In 1852, William Vaughn made the first land claim on the Key Peninsula on the south side of the bay that now bears his name (map).
Early homesteaders were the Olson, Davidson, Van Slyke and Coblentz families. Olson was a potato farmer and Davidson grew plums and dried them for prunes. Van Slyke and Coblentz were good friends and had traveled together from Kansas in 1886. After they arrived here, they mutually agreed that Van Slyke should run the sawmill and Coblentz should tend the store.
In 1893, the community built a dance floor for the Fourth of July celebrations. Van Slyke donated land behind Coblentz’s store and provided lumber from his mill.
A year earlier, Vaughn’s men had organized a horticultural society and prevented women from joining. In retaliation the women decided to establish a library association and excluded the men in return. The Vaughn Library Hall was built in 1894 by adding walls and a roof to the existing dance floor.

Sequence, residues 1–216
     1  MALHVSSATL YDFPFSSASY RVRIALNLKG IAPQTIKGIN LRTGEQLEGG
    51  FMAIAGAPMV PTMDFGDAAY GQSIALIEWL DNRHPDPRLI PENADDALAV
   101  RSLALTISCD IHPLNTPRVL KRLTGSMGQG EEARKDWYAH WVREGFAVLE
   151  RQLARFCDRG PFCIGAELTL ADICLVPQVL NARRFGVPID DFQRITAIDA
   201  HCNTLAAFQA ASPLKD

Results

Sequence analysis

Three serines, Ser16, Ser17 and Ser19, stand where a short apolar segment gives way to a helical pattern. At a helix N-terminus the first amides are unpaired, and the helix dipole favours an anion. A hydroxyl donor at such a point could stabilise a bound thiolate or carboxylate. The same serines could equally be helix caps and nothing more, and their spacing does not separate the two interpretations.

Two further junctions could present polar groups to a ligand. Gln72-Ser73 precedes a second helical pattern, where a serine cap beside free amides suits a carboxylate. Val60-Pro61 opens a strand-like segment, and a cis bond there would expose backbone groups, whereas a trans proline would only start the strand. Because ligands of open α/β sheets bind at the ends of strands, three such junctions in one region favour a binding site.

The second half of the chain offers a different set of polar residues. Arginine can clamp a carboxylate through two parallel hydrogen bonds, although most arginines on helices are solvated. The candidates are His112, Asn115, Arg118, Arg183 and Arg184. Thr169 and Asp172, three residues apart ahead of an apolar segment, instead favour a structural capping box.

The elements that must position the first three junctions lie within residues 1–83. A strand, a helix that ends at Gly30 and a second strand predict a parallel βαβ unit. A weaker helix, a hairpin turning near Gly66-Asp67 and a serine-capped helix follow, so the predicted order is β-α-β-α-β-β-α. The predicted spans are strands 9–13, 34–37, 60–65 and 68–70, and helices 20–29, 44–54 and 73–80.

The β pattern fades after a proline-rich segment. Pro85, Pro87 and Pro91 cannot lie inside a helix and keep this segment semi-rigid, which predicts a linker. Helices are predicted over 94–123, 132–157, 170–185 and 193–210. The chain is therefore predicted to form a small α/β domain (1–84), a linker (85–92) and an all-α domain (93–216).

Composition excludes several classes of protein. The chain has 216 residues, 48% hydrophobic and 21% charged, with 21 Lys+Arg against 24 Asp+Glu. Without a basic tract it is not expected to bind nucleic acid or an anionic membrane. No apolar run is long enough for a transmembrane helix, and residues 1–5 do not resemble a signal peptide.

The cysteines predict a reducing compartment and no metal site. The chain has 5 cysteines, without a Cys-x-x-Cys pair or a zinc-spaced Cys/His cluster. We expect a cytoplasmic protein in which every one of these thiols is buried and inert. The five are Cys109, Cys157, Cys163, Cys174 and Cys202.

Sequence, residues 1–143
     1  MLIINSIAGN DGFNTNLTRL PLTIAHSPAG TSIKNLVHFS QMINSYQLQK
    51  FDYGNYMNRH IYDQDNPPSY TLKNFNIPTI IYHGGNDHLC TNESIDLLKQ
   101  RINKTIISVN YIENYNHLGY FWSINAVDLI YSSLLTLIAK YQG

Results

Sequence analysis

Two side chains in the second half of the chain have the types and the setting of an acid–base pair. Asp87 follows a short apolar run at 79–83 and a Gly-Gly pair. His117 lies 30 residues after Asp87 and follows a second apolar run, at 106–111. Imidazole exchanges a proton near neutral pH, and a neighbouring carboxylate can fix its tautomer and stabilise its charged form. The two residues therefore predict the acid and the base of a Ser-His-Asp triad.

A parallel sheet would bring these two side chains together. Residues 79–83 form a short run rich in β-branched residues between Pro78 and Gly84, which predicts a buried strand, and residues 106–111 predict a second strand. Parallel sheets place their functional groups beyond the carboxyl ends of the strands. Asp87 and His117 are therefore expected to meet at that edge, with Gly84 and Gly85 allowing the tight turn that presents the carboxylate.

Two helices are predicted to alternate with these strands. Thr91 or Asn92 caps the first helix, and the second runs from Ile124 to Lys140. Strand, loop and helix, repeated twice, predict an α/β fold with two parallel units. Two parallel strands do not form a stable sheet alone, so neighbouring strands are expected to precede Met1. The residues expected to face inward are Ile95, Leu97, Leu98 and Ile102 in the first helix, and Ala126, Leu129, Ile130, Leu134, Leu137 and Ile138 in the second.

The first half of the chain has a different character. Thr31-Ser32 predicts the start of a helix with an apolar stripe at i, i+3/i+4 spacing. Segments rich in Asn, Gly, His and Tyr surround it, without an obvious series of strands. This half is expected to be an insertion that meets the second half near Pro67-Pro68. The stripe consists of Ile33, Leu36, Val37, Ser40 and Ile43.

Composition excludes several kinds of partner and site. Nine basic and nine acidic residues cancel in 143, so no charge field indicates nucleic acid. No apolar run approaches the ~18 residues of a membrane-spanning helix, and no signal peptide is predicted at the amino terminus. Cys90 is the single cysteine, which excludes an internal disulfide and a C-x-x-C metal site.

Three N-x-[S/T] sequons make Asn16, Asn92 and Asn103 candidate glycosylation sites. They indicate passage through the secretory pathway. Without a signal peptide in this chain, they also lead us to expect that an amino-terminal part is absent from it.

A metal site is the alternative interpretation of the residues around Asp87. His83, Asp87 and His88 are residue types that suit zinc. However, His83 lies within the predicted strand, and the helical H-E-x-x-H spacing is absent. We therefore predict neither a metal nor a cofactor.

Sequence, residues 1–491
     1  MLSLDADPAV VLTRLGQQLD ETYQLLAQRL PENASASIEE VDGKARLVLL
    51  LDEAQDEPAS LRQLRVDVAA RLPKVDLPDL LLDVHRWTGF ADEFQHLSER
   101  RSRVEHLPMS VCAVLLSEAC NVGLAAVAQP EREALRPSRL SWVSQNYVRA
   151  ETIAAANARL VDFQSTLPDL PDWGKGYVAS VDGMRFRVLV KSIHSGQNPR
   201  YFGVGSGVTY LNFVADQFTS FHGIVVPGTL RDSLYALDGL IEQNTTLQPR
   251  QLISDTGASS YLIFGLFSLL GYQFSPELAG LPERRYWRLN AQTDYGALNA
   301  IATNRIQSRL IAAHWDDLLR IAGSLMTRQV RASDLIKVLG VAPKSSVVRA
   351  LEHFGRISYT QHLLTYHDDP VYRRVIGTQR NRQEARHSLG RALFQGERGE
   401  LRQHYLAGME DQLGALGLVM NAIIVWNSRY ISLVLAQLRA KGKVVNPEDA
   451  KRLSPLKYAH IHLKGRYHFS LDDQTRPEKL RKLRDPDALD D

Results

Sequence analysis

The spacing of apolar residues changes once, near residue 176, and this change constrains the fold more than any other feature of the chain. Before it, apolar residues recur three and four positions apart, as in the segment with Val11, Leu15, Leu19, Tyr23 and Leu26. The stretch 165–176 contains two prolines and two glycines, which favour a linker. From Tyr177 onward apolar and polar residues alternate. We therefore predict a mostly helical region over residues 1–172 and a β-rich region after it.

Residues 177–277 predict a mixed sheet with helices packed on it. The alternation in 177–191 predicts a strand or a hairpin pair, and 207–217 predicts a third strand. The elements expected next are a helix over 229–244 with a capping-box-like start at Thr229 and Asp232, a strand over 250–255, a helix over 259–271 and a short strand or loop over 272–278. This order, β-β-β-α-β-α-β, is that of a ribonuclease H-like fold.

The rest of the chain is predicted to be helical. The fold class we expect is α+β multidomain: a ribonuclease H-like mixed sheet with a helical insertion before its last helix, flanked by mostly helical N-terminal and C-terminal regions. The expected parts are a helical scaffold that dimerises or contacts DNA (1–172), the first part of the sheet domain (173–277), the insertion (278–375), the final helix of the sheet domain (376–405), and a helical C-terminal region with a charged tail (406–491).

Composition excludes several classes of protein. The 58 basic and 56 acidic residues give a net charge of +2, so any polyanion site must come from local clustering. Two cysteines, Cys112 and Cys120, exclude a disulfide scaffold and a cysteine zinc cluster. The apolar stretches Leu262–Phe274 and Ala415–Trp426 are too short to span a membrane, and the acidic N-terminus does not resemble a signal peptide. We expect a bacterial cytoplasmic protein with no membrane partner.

The Vaughn Library Hall closed in 1958 and was converted into a private residence, but the library hall building remains standing today. In 2017 the Key Peninsula Historical Society assumed responsibility for the building, cleaned it out, and has begun the process of restoring the building.
Van Slyke sold his sawmill to Reverend Applegate in 1897. Before the sawmill burned and he ran out of money, Applegate built the Vaughn Bay Community Church, which is also called the “Chapel by the Sea” because of its bayside location.
The Key Peninsula Historical Society Museum is also located in Vaughn.
text by Joyce Niemann & Simon Priest